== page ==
Browsing by Author "McInerney, Maud Burnett"
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- ItemAll the World's a Page: Theatricality in Laurence Sterne's 'Tristram Shandy'(2006) White, Andrew; McInerney, Maud Burnett
- ItemAn Evolving Trajectory: Reading Political Disillusion in William Butler Yeats's "The Circus Animals' Desertion"(2015) Kelly, Brooke; McInerney, Maud BurnettFor my thesis, I sought to enact a new reading of William Butler Yeats’s “The Circus Animals’ Desertion.” I attempted to reach beyond its commonly accepted reading, which states that it was written merely as an account of the feeling of defeat that Yeats experienced in the last years of his life when he felt he had lost his connection to his old works. While this reading is fundamentally accurate, I find this explanation alone to be under-reaching, encouraging me to look into the political and historical context of Ireland during Yeats’s lifetime, in an attempt to detect a deeper meaning. I argued that Yeats’s primary motivation behind writing “The Circus Animals’ Desertion” was to highlight his disillusion with postcolonial Ireland, and the ways in which he felt disappointed by the result of a cause about which he felt so passionate. The trajectory of Yeats’s career both as a poet and a politician, most specifically as a member of the Irish Senate, fluctuated around the Irish rebellion from England. Originally, Yeats believed in Irish nationality through the arts, which shifted as he became more committed to political nationality during the rebellion. His palpable disappointment displayed in “The Circus Animals’ Desertion” surrounds his realization that poetry was never acknowledged as the political tool he believed it could be. This political reading of the poem, with the help of New Historicism, demonstrates the ways that poetry cannot be separated from its context. The metaphor within “The Circus Animals’ Desertion” is representative of Yeats’s sense of futility after the failure of his life’s mission to unite poetry and politics under the greater veil of Irish nationality.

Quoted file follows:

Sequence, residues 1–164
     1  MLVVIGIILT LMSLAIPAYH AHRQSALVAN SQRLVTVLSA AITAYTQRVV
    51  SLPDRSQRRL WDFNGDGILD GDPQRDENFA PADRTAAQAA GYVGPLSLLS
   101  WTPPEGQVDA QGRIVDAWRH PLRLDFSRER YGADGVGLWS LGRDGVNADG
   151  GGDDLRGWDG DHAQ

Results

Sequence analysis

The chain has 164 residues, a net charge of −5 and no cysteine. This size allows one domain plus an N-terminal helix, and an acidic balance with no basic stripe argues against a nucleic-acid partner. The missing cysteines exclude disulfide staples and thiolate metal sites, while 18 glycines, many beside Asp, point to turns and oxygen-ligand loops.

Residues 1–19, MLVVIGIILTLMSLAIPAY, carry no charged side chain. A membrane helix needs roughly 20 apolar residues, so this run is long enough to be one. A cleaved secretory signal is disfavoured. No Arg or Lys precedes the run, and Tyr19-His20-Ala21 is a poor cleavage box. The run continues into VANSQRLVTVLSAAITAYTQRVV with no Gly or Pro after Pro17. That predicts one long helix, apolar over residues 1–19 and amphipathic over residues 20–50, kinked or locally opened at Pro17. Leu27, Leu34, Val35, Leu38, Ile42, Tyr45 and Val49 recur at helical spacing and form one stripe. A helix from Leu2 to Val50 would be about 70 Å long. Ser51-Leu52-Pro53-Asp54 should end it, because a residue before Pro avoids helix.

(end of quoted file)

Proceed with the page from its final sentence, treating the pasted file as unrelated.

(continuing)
- ItemBabylon revisited: apocalypticism in 20th century film(2004) Curtis, Charles; McInerney, Maud Burnett
- ItemBack I Turn'd: Eve and Milton and the Power of Coming Second(2013) Dopulos, Katherine Marie; McInerney, Maud Burnett
- Item"Behold[ing]" "Genius": A Study of Imagination via the Heideggerian Concept of Thingness in William Wordsworth's "The Solitary Reaper" and Wallace Stevens' "The Idea of Order at Key West"(2013) Mattiello, Stephanie; McInerney, Maud Burnett
- ItemBloody Knives: Political Violence in Frank Herbert's 'Dune'(2008) Sanders, Gabriel; McInerney, Maud Burnett